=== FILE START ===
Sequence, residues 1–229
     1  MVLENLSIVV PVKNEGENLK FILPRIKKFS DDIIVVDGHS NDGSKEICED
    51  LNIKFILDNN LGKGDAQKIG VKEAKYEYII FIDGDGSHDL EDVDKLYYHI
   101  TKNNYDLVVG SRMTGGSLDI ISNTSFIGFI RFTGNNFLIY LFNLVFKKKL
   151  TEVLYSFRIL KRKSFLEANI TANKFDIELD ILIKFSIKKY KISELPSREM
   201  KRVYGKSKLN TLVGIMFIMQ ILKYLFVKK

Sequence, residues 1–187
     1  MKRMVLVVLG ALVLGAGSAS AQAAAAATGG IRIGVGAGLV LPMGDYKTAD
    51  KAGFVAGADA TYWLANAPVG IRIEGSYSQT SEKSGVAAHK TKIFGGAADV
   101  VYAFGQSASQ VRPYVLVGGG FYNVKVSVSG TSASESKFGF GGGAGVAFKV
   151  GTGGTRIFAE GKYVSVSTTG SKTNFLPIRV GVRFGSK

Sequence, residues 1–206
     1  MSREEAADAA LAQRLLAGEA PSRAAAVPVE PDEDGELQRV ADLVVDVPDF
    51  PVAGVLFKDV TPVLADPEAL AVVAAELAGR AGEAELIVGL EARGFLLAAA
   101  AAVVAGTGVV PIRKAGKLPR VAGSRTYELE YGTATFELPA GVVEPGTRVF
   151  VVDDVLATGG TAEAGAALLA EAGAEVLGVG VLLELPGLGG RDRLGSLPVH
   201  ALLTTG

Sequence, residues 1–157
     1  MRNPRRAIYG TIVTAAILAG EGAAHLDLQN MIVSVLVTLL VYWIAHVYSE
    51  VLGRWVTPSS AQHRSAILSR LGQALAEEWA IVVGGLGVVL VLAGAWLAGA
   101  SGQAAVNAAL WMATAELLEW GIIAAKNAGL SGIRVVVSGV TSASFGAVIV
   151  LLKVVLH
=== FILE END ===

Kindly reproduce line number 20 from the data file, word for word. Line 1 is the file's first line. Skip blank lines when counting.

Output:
    51  VLGRWVTPSS AQHRSAILSR LGQALAEEWA IVVGGLGVVL VLAGAWLAGA